LOI deadline is May 21, 2020.

For more information and proposal support, please contact Meghan Hauser.

 

Vilcek Foundation

Vilcek FoundationThe Vilcek Foundation is now seeking applications for the 2021 Vilcek Prizes for Creative Promise in Biomedical Science and Filmmaking.

Foreign-born biomedical scientists who hold full-time positions with academic or research institutions are invited to apply for a Vilcek Prize for Creative Promise in Biomedical Science. Immigrant filmmakers – including directors, producers, cinematographers, writers, documentarians, and animators – are invited to apply for a Vilcek Prize for Creative Promise in Filmmaking.

To learn more, click here.

Application deadline is June 10, 2020, 5 p.m. EDT.

For more information and proposal support, please contact Meghan Hauser.

 

William T. Grant Foundation Scholars Program for Early-Career Researchers

William T. Grant FoundationThe William T. Grant Scholars Program supports career development for promising early-career researchers. The program funds five-year research and mentoring plans that significantly expand researchers’ expertise in new disciplines, methods, and content areas. The Foundation’s mission is to support research to improve the lives of young people ages 5-25 in the United States. We pursue this mission by supporting research within two focus areas. Researchers interested in applying for a William T. Grant Scholars Award must select one focus area: Reducing Inequality or Improving the Use of Research Evidence

Online application opens April 30, 2020

Deadline July 1, 2020 at 3:00 PM

To learn more, please click here.

For more information and proposal support, please contact Meghan Hauser.

 

Arnold & Mabel Beckman Foundation: Beckman Young Investigator

Arnold & Mabel Beckman FoundationThe Beckman Young Investigator (BYI) Program provides research support to the most promising young faculty members in the early stages of their academic careers in the chemical and life sciences, particularly to foster the invention of methods, instruments and materials that will open up new avenues of research in science.

Projects proposed for the BYI program should be truly innovative, high-risk, and show promise for contributing to significant advances in chemistry and the life sciences. They should represent a departure from current research directions rather than an extension or expansion of existing programs. Proposed research that cuts across traditional boundaries of scientific disciplines is encouraged. Proposals that open new avenues of research in chemistry and life sciences by fostering the invention of methods, instruments and materials will be given additional consideration.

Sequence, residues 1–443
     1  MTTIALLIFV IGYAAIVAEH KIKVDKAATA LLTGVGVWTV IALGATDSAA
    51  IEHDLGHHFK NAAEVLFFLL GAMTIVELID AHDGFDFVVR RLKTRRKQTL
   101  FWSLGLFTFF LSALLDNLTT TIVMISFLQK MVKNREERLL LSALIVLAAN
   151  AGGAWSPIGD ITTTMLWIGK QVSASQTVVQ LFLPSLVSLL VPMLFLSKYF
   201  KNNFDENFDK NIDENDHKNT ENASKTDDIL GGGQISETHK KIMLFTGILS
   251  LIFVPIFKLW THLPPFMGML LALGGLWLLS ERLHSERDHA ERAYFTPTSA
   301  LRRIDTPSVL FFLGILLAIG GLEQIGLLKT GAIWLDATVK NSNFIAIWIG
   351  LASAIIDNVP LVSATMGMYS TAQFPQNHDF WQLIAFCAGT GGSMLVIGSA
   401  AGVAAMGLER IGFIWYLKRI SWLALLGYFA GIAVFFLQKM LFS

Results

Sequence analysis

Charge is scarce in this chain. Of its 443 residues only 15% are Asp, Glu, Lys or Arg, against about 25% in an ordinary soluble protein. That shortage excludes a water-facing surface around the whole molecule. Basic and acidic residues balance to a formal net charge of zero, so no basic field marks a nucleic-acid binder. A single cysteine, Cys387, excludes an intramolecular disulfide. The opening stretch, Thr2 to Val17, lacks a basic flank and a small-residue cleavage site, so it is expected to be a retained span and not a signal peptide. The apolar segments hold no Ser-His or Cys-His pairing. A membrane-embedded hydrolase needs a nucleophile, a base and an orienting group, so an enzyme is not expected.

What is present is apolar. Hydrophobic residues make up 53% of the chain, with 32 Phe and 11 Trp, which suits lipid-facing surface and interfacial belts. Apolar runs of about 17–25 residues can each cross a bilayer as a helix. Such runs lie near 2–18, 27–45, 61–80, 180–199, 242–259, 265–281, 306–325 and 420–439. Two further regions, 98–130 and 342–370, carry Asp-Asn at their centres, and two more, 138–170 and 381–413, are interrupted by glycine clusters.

• The BYI program funds promising young scientists early in their careers who have not yet received a major award from another organization. Proposals that already have substantial funding will not be considered for the BYI award (see eligibility for more information).
  • Projects are normally funded for a period of four years. Grants are in the range of $600,000 over the term of the project, contingent upon demonstrated progress after the second year of the award.
  • The Foundation does not provide for overhead or for indirect costs.

To learn more, click here.

LOI opens May 29, 2020 and closes August 4, 2020.  

For more information and proposal support, please contact Meghan Hauser.

 

Arnold Ventures: Randomized Controlled Trials of Criminal Justice Programs and Practices

Arnold VenturesArnold Ventures (AV) is a nonpartisan philanthropy whose core mission is to invest in evidence-based solutions that maximize opportunity and minimize injustice. This Request for Proposals—a joint effort of AV’s Criminal Justice and Evidence-Based Policy initiatives—seeks grant applications to conduct randomized controlled trials (RCTs) of criminal justice programs and practices (“interventions”) in the United States that fall into one of three tier: intervention is backed by promising prior evidence; intervention is widely adopted, but has not yet been rigorously evaluated; and intervention is growing in use and likely to become widely adopted, but has not yet been rigorously evaluated.

To learn more, click here.

Submissions are accepted on a rolling basis; there is no deadline.

For more information and proposal support, please contact Meghan Hauser.

 

Charles Koch Foundation: Technology and Innovation Research Grants

Charles Koch FoundationThe Charles Koch Foundation seeks to support research on technology and innovation. Applied research that helps bridge the divide between theory and practice is particularly welcome.

We invite scholars and policy experts to submit proposals for work that sheds light on the various effects of technological progress (policy, cultural, or otherwise) and explores the concept of permissionless innovation. Proposals for projects in law, economics, history, political science, and philosophy are encouraged. Projects in computer science, engineering, and the hard sciences will also be considered.

To learn more, click here.

Submissions are accepted on a rolling basis; there is no deadline.

For more information and proposal support, please contact Meghan Hauser.